2. EAT. This is an acronym (Education, Awareness, Therapy) rather than a plea for overindulgence. Education/Awareness/Therapy appears to be as effective as regular exercise in managing your fatigue (Latimer-Cheung 2013). There are many types of activity you can do, depending on your personal preferences. Energy management means scheduling your tasks according to the fluctuations in your energy during the day. Mindfulness is a type of therapy that focuses you in the now (your body, your thoughts and feelings) to help you cope with depression, anxiety and fatigue. Other therapies are directed at behaviours that will improve fatigue (Heesen and colleagues. Expert Rev Neurother 2012;12:1089-1100), or working out how to make tasks easier. Your MS clinic can refer you to the many experts who can help, such as occupational or physical therapists, physiatrists for rehabilitation, psychologists or other therapists.
3. Medications. As a general rule, medications appear to have less impact on fatigue compared to Exercise and EAT (Latimer-Cheung 2013). There is some evidence to suggest that fatigue can improve with the usual MS medications. One study found that people had less fatigue during treatment with Copaxone compared to an interferon, which may be due to the tiring and tiresome flu-like symptoms with the interferons (Metz and colleagues. J Neurol Neurosurg Psychiatry 2004;75:1045-1047). Among the newer medications, improvements in MS fatigue have been reported with Tysabri and Gilenya (Svenningsson and colleagues. PLoS One 2013;8:e58643; Montalban and colleagues. Mult Scler 2011;17:1341-1350). Some therapies, such as Tecfidera and Aubagio, may be associated with fatigue, which may be an MS effect rather than a drug effect (Kappos and colleagues. Lancet 2008;372:1463-1472; Confavreux and colleagues. Mult Scler 2012;18:1278-1289).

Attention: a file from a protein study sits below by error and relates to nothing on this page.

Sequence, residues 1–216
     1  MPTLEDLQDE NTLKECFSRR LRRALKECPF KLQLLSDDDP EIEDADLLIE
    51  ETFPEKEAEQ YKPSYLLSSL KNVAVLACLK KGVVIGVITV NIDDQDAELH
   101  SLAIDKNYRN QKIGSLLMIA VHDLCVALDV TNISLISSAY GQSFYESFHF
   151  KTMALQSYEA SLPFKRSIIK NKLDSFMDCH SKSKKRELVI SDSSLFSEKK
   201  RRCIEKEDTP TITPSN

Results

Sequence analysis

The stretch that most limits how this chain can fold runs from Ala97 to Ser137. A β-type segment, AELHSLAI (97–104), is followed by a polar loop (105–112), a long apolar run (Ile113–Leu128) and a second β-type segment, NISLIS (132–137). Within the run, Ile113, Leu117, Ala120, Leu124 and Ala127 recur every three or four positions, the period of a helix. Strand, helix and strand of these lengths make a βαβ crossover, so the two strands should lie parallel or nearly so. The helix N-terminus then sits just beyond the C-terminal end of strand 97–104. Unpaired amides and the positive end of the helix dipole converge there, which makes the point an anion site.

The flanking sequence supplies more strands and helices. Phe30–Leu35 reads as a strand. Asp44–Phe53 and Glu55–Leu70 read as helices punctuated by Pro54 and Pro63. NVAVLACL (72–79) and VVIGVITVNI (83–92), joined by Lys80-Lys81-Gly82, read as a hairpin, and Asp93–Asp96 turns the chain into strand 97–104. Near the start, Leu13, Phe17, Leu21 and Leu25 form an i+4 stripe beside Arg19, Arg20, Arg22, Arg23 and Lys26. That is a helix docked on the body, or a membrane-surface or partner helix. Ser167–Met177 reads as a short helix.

Among the treatments specifically used for fatigue, the most studied is amantadine (Symmetrel) (Krupp and colleagues. Neurology 1995;45:1956-1961). While this may work for some people, its effects are generally modest and one study found that it was no more effective than Aspirin (Shaygannejad and colleagues. Neurol Res 2012;34:854-858). Another option is modafinil (Alertec, Provigil, Modavigil), which stimulates alertness (it’s also used in narcolepsy) (Lange and colleagues. J Neurol 2009;256:645-650; Niepel and colleagues. Neuropharmacology 2013;64:380-388). As you might expect, side effects can may include insomnia and nervousness (Kumar R. Drugs 2008;68:1803-1839). So its effects are a little like caffeine, which has also been found to have a modest impact on MS fatigue (Gillson and colleagues. Mult Scler 2002;8:30-35).
For a less pharmaceutical approach, one small study found that ginseng can relieve fatigue (Etemadifar and colleagues. Int J Neurosci 2013;123:480-486). A different study of American ginseng found it had no effect on fatigue (Kim and colleagues. Mult Scler 2011;17:1523-1526). A small pilot study reported that gingko supplements may relieve fatigue in some people (Johnson and colleagues. Explore (NY) 2006;2:19-24). There is also some evidence that the dietary supplement acetyl L-carnitine may help fatigue in MS (Tomassini and colleagues. J Neurol Sci 2004;218:103-108).
It’s best to talk to your doctor or pharmacist before you take any medication – including dietary supplements, alternative medicines or over-the-counter drugs – because they can interact with other drugs you may be taking.